Greece: How much relief is actually needed to restore public debt sustainability

Country Profiles, Reports — By on May 4, 2017 at 4:14 PM

Dr. Platon Chief Market Economist, Deputy General Manager, Eurobank Ergasias S.A.,

Greece Macro Monitor (4 May 2017)

How much relief is actually needed to restore public debt sustainability

Summary of views

Contrasting the views of the IMF and the EU institutions on Greek public debt
Sustainability through the lens of the IMF staff (Article IV – February, 2017)
 Gross financing needs (GFN) as percent of GDP expected to cross the 15% threshold already by 2024 and the 20% threshold by 2031, reaching around 62% by 2060
 This renders Greece’s public debt ratio highly unsustainable in the medium- & long-term (projected to reach 275% of GDP by 2060), despite generous large-scale flow relief received thus far
 This unsustainable trajectory is attributed to: a) downward revisions in the medium- and long-term forecasts for GDP growth and the general government primary balance; and b) the fact that, after 2018, Greece will need to re-access market financing and thus, roll over maturing debt at interest rates significantly higher than the current (concessional) ones paid on official loans
 In order to address the issue of sustainability, the Fund’s revised debt sustainability analysis (DSA) has presented an indicative debt relief package (OSI) which would ostensibly be adequate to broadly keep Greece’s GFN ratio to levels no higher that 15% of GDP during the post-programme period for the medium-term and 20% of GDP in outer years
 In view of the aforementioned, the IMF has stressed the need to bring forward significant debt relief (i.e., even before the expiration of the current programme, in a gradual/conditional manner) so as to facilitate a swift restoration of investor confidence towards Greece

The views of the EU institutions (European Commission, Compliance Report, June 2016)
 In their latest (June 2016) DSA for Greece, the European Commission portrayed a more optimistic view than that of the IMF on the basis of more benign assumptions regarding the future path of the general government primary balance as well as the medium- and long-term growth outlook of the Greek economy
 Nevertheless, the Commission’s analysis concluded that the projected evolution of Greece’s public debt and gross financing needs ratios point to serious sustainability-related concerns that shall be addressed through the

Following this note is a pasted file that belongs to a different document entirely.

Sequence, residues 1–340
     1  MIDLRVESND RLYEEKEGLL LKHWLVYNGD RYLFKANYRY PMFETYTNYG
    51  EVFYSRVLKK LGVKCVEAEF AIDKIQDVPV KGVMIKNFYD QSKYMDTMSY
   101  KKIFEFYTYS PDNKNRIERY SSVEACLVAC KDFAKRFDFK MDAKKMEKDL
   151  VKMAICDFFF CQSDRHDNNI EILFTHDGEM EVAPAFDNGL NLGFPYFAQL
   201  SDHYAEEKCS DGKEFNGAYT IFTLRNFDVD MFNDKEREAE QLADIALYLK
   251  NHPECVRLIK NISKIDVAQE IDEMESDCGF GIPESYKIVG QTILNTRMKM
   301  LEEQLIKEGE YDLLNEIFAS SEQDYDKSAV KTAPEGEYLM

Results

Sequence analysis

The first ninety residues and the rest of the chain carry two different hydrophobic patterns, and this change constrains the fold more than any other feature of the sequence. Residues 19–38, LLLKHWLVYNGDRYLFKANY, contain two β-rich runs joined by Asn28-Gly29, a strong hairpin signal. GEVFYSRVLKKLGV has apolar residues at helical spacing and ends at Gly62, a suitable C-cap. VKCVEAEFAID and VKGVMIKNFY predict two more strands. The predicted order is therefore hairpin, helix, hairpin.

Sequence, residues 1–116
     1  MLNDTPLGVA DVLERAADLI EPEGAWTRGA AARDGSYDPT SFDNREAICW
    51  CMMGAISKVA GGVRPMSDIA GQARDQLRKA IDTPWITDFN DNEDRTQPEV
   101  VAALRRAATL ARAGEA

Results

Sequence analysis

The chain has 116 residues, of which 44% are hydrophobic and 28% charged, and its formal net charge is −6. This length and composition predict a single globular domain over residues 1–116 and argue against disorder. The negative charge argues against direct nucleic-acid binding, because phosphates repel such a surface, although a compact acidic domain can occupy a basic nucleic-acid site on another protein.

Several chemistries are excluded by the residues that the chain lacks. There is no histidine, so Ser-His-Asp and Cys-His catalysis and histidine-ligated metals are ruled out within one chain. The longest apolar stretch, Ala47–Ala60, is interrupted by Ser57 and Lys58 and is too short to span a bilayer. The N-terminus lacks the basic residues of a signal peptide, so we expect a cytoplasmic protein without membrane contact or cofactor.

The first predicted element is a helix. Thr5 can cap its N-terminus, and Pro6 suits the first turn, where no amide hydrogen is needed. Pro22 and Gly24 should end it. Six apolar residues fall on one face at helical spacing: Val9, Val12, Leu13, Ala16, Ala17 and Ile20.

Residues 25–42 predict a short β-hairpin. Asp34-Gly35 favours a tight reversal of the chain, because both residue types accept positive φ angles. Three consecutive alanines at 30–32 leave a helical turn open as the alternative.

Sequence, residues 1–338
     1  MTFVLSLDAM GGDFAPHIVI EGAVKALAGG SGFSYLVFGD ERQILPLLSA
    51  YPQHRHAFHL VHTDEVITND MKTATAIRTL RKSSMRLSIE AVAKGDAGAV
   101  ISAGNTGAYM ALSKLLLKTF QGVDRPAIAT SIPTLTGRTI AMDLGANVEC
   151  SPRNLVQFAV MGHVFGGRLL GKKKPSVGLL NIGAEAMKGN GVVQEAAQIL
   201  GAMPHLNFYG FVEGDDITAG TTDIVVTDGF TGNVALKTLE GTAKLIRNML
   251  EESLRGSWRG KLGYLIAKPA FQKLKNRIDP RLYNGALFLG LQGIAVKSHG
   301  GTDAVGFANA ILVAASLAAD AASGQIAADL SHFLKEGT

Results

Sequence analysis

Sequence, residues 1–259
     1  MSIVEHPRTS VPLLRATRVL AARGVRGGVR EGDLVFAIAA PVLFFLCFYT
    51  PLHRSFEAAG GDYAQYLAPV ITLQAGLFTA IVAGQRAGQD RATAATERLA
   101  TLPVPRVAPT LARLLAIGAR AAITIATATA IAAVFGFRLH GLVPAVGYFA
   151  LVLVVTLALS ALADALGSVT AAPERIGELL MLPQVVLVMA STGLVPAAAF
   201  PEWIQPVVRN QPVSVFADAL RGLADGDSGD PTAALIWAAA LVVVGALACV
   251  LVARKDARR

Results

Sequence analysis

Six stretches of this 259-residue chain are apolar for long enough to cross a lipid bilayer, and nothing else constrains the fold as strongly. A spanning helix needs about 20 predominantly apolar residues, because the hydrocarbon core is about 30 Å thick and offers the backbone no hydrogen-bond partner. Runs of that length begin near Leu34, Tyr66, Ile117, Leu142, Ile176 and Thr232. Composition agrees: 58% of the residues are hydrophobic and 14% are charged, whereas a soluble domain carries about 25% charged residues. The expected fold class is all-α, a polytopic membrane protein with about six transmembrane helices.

implementation of the far-reaching reforms, strong reforms ownership by the Greek authorities and debt-mitigating measures granted upon full implementation of the conditionality agreed in the context of the ESM programme

The view of the IMF staff (Article IV – February, 2017)
 In the IMF’s latest (Jan./Feb. 2017) Article IV report, the modalities of an indicative relief package to reinstate public debt sustainability are presented. This involves: a) significant maturity extensions, between 10 and 30 years; b) longer deferrals of interest and principal payments, between 6 and 21 years; c) fixing the interest rates at pretty concessional levels i.e., 1.5% per year until 2040 and 3.8% afterwards; and d) returning to Greece the profits accrued from 2019 onwards to the Eurosystem’s ANFA and SMP portfolios plus a relevant amount of €1.8bn, which is pending from 2014
 Importantly, the aforementioned relief structure involves all European loans given to Greece; that is, all loans that have already been disbursed under the three bailout programmes, or will be disbursed under the present ESM facility

Debt relief framework for Greece agreed at the Eurogroup of May 25, 2016
 At the Eurogroup of May 2016, the European creditors have agreed on a short-, medium- and long-term debt relief framework that will be subject to the pre-defined conditionality of the ESM programme and will be phased in progressively so as to ensure that Greek public debt remains sustainable under the new operational definition of sustainability
 The modalities of the short-term leg of the said framework were unveiled last December (and the relevant interventions are already in their implementation stage), while the medium- and long-term measures are to start being implemented upon the successful completion of the present ESM programme i.e., after August 2018
 Importantly, the scope and modalities of the medium- and long-term debt relief framework do not appear adequate enough to fully restore the sustainability of Greek public debt under significantly more downbeat macro assumptions than these assumed in the latest DSA analysis published by the European institutions (June 2016); that is, unless the aforementioned framework is probably implemented in its most radical and far-reaching form
 In support of the aforementioned, we note that a significant part of debt relief implied by the existing medium- and longterm framework is projected to come from some targeted reprofiling of the EFSF loans (c. 60% of all EU loans disbursed thus far and c. 52% of the latter plus the new ESM loans that are expected to be disbursed under the current programme – all in notional terms), without incurring any additional costs for former programme countries or to the EFSF
 On the other hand, the existing framework does not envisage any interventions in/reprofiling of the remaining package of EU loans to Greece (GLF facility & ESM)

A key takeaway from the aforementioned analysis that relates to the ongoing discussions between the European creditors and the IMF on additional debt relief for Greece is as follows: the views of the two sides on a) the baseline macroeconomic assumptions underlying their respective debt sustainability analyses and/or b) the modalities and scope of debt relief that can be provided to Greece in the medium- and long-run should converge more substantially to facilitate the Fund’s financial participation in the present programme

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